This was quite a week, not really sure why, but I seem to have a lot to share today.
We start with a quiz at Business Insider. 5 questions, multiple choice, no tough math. See If You Can Ace Personal Finance Quiz That 86% Of Americans Could Not. The article went on to say that A new survey by the FINRA Investor Education Foundation found that 75% of U.S. adults say they’re pros at managing their finances. In the end, we all think we are above average, but, no offense, only half are. For the record, I did get all five correct. In the interest of full disclosure, I am no long in the top half of drivers. I was, but somewhere in my 40′s, that ship sailed.
At the Empowered Dollar, Stephanie shared her Super Nerdy Award-Winning Poetry: Ode to the Roth IRA. I have to say, this was the best Roth IRA poem I’ve read this year. And it may inspire you, to open a Roth, write poetry, or both.
Remember about a year or so ago, Suze Orman had some nasty tweets after the Personal Finance Blogging community criticized her expensive debit card? Well, this week was Dave Ramsey’s turn. Dave was kind enough to tweet “I help more people in 10 min. than all of you combined in your ENTIRE lives.” This was in response to people questioning his claim the market will return 12% long term. An article at Motley Fool said it best – Dangerous Retirement Planning Advice From Financial Guru Dave Ramsey, and fellow blogger Phil Taylor wrote The Financial Planning Community Wants a Real Conversation with Dave Ramsey. In April I wrote Average Return vs Compound Annual Growth, and it seems that’s what Dave is missing.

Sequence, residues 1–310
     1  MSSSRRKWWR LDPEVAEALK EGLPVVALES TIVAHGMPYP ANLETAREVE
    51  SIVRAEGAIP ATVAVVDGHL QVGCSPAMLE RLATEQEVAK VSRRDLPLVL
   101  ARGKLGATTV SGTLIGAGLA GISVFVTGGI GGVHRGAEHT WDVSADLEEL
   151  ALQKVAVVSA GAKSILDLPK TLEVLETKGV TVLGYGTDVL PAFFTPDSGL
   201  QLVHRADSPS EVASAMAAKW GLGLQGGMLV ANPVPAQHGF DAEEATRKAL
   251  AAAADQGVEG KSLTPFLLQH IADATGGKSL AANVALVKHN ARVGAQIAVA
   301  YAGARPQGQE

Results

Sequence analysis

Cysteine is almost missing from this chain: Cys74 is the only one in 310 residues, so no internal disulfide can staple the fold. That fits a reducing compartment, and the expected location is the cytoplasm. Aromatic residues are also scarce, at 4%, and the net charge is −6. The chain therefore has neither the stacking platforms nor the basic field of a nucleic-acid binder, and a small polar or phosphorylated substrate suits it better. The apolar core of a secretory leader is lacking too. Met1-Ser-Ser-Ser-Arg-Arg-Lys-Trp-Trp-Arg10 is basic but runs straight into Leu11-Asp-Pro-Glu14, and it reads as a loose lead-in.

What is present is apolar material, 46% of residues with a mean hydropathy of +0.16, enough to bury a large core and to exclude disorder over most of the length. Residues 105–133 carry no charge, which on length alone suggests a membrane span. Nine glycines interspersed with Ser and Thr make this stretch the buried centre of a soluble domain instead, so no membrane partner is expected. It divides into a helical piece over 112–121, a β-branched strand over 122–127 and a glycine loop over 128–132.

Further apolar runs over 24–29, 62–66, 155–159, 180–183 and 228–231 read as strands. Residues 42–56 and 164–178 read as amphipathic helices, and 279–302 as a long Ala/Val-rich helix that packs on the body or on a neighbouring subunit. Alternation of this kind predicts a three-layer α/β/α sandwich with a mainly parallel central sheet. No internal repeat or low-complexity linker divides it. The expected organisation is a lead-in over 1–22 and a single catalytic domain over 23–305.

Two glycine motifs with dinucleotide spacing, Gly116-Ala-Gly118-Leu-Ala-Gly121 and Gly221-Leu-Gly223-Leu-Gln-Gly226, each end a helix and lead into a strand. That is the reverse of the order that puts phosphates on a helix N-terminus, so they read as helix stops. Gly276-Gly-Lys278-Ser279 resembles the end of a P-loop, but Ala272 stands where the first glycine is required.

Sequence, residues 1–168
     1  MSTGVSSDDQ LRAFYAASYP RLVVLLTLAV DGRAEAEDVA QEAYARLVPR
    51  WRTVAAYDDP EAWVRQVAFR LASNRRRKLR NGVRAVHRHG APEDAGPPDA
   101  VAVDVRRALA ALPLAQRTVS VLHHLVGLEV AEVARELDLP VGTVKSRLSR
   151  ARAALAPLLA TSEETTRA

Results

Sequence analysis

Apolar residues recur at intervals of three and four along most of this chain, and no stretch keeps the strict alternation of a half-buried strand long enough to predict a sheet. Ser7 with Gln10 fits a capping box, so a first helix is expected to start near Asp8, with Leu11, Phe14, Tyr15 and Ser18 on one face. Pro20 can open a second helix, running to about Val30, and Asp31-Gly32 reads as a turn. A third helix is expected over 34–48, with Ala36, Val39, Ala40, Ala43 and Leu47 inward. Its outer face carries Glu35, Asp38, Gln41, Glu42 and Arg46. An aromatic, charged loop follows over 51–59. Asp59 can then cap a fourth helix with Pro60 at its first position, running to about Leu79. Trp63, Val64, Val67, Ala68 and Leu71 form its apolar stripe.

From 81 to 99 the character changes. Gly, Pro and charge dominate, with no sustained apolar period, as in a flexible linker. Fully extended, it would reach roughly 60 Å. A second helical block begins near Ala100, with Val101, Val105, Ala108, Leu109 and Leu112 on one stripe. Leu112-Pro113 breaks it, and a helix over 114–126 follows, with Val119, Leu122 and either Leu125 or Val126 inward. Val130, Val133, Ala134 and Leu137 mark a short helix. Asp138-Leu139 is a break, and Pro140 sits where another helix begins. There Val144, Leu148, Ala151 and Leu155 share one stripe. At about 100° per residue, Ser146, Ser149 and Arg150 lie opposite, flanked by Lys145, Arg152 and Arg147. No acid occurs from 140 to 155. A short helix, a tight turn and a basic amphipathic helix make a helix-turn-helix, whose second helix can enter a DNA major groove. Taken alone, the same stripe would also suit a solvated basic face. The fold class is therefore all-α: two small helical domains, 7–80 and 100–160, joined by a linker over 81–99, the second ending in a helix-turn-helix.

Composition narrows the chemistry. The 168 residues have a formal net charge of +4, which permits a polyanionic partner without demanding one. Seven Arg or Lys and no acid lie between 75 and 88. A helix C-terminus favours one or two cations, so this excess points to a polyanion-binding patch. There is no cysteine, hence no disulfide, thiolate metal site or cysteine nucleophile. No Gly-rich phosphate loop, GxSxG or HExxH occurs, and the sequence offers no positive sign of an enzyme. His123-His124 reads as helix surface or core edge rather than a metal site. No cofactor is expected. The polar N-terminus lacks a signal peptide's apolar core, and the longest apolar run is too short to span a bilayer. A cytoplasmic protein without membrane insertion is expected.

Evan at My Journey to Millions has Another Reason I Hate my 401(k). The fees are high, his large cap fund sporting a 1.21% fee, ouch, but Evan also shared that even the cash option costs .95% per year. He does get a match of up to 6% of his income, but I hope he doesn’t deposit a penny more.
At Consumerism Commentary, one of the blogs I’ve followed the longest, Luke Landes wrote 5 Tips for Protecting Your Windfalls. Amazing how many people are worse off than before they came into some big money.
Is 4% the Correct Safe Withdrawal Rate at Retirement? That’s the question, and Jason Hull offers an analysis you shouldn’t miss at Hull Financial Planning. Whatever your age, this withdrawal rate is important, it’s the key to calculating your number. The amount you’ll need for a lifetime of withdrawals in retirement.
Northern Cheapskate told us When A Gift Card Isn’t Really a Gift. But if anyone ever send me a gift card to Home Depot, I’m happy to get it.
Last, at my companion sire, RothMania, my take on what I’ve dubbed Roth 401(k) Double Jeopardy. I describe how I view the fees in 401(k) accounts as being even more harsh when they are charged against a Roth 401(k). It make take a second read to get my point, but depending on your age and how you’re investing, it’s worth understanding this quirk.